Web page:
Maryland Attorney General Anthony Brown (D) acknowledges it’s unclear how the Maryland Supreme Court would rule if asked to weigh in on the legality of a “lookback window” that would allow victims of long-ago sexual abuse to bring cases against perpetrators today.
But Brown said he would defend such a change if lawmakers enact Senate Bill 686, which would retroactively, as well as prospectively, repeal statutes of limitation on lawsuits by plaintiffs who claim they suffered sexual abuse when they were children.
That’s according to a letter from Brown dated Wednesday about legislation sponsored by Sen. William C. Smith Jr. (D-Montgomery). The bill was the subject of a hearing by the Senate Judicial Proceedings Committee on Thursday.
“It is our view that Senate Bill 686 is not clearly unconstitutional,” Brown wrote in the three-page letter. “If the General Assembly chooses to provide victims of child sexual abuse an expanded chance for justice, I can in good faith defend the legislation should it be challenged in court.”
The proposal is being pushed by child advocates to eliminate deadlines that prevent victims of child sexual abuse from suing after they are 38 years old. It also would allow plaintiffs who were previously barred from making claims because they missed a deadline to sue institutions that harbored sexual predators.
Smith said his legislation will conform to a bill in the House being finetuned by Del. C.T. Wilson (D-Charles), who negotiated with the Roman Catholic Church in 2017 to increase the age limit for someone to sue for child sexual abuse from 25 to 38.
Smith’s bill would allow a person to file a suit “at any time” and raises the limit on financial damages for a single plaintiff at $1.5 million for claims against private institutions and $850,000 for claims against public institutions.
Brown’s letter differs from a 2019 opinion from the office of former Attorney General Brian Frosh (D) which found that a lookback window would “most likely be found unconstitutional.” That same year, however, Frosh began to investigate allegations of sexual abuse by priest in the Archdiocese of Baltimore.
Before his term expired, Frosh filed a motion in November to release a 463-page report of findings from that investigation. Brown said last month his office also supports making the report public.
Wilson has pushed for legislation to eliminate the statute of limitations that stops some adults from suing institutions for sexual abuse they suffered as children.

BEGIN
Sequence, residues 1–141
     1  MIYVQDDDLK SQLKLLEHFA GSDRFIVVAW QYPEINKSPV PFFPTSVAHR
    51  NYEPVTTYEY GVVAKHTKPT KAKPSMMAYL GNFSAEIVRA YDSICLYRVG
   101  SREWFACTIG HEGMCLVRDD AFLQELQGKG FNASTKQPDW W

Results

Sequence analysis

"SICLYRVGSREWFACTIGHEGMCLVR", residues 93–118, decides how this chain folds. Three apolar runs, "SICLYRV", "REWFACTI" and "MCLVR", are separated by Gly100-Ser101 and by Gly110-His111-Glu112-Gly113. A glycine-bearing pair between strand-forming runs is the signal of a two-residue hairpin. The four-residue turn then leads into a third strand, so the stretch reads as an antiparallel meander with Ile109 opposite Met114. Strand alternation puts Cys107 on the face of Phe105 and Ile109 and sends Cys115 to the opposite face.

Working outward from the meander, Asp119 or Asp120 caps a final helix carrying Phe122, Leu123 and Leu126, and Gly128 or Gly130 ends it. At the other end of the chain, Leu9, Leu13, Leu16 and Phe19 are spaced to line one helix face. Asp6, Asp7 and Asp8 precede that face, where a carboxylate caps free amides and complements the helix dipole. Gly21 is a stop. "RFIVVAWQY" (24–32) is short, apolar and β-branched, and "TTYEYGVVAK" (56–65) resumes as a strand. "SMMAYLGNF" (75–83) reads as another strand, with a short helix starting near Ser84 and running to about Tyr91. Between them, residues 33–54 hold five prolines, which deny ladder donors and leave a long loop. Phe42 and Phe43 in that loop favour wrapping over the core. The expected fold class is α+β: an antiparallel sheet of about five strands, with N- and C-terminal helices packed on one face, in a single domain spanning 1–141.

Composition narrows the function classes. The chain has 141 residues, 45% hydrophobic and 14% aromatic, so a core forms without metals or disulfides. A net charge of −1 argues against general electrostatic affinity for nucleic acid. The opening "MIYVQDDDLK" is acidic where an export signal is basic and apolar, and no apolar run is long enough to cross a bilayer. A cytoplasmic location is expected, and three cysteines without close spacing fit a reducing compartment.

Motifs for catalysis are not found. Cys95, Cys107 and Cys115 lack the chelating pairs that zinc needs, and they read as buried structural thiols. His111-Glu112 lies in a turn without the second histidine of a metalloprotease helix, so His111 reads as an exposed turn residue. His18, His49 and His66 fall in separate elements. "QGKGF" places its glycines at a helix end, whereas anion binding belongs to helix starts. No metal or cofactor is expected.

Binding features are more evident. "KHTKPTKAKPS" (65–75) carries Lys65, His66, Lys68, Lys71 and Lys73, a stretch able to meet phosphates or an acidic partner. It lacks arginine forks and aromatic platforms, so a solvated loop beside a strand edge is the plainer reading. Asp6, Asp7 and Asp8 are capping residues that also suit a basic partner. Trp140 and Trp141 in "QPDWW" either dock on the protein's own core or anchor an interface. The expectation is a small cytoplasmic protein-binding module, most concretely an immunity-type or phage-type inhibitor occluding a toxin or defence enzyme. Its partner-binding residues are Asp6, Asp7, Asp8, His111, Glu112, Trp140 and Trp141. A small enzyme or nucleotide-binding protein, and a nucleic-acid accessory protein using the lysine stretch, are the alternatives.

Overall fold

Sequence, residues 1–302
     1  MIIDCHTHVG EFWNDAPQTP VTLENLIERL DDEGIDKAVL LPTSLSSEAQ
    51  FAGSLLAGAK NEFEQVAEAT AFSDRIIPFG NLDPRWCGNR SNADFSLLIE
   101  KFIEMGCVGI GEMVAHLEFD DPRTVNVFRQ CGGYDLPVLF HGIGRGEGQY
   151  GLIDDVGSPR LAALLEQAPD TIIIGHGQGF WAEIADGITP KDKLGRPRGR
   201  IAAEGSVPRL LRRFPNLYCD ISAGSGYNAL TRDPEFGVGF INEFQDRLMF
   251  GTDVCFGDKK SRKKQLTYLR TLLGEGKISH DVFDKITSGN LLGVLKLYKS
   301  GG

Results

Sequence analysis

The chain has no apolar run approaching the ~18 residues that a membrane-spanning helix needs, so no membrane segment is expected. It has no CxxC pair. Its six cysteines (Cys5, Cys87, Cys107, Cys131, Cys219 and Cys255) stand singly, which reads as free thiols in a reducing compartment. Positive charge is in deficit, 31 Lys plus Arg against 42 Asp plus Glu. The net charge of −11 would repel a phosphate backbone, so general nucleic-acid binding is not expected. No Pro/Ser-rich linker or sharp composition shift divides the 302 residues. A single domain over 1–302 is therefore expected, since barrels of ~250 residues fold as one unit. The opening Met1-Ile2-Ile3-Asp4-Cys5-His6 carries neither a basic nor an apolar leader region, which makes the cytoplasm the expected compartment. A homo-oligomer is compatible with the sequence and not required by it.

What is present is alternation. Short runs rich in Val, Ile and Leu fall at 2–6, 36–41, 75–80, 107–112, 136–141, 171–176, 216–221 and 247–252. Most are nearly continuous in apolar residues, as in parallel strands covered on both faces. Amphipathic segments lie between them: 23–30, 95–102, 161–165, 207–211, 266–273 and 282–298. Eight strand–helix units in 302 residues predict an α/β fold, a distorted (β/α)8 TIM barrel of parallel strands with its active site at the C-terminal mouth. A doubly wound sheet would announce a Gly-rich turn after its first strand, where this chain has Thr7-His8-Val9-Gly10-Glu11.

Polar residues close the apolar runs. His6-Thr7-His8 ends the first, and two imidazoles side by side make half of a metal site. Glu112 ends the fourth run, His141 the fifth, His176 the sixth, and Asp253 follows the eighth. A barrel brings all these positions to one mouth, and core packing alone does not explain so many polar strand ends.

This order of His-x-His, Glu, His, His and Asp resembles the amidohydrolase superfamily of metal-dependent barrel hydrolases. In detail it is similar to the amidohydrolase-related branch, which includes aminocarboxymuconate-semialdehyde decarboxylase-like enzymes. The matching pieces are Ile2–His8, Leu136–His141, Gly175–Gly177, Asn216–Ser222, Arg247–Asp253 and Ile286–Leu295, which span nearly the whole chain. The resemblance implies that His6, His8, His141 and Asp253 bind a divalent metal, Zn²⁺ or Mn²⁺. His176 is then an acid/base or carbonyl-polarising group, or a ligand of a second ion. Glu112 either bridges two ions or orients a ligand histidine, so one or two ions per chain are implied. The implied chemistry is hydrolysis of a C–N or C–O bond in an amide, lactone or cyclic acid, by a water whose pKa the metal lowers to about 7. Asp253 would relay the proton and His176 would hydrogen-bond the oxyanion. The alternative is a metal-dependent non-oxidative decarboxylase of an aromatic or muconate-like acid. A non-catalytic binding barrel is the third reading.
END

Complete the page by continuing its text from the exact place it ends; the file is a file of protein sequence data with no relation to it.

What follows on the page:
Maryland lawmakers have debated since 2019 whether it would be unconstitutional to repeal the statute of repose included in the 2017 law, with supporters arguing that the bill was never meant to establish a permanent immunity from future changes to state law on child sexual abuse claims.
Brown’s letter cited, as an example, a statute of repose that the legislature amended to make exceptions for asbestos cases because of the effect of asbestos on public health.
“Consequently, while it is possible that Senate Bill 686’s retrospective reach to time barred actions would be found to be unconstitutional, it is not a given that would be the outcome. It is an open question,” Brown wrote.
Smith, who chairs the committee, summarized the impact of Brown’s letter.
It’s not clear how Maryland courts would decide the issue and “the attorney general feels as though he can defend this bill with fidelity, if it goes forward,” he said. “It’s a relief to know that the survivors, at the very least, will have an opportunity to make their case [in court].”
Many of those child sexual abuse survivors testified in Annapolis on Thursday, including Davion Percy, who spoke about his experience publicly for the first time.
“I’ve destroyed relationships, friendships. I’ve been through a divorce. The reason why I like what I do today is because every day I get to help people. But what good is my word if I don’t stand up and speak for what’s right?” said Percy, a lawyer who manages his own lobbying firm. He received a round of applause from the audience.
Carey Silverman, an attorney with the American Tort Reform Association, opposes the legislation for entirely eliminating a statute of limitations and called it “unprecedented approach” found nowhere “else in Maryland law.”
“We have those statutes of limitations that might seem arbitrary, but they’re there so that judges and juries can decide and evaluate liability when we have the records available…” he said. “It’s never easy to tell someone that the time to sue has passed, regardless of whatever type of claim it is. We feel [the statute of limitations] ought to be finite and be respected.”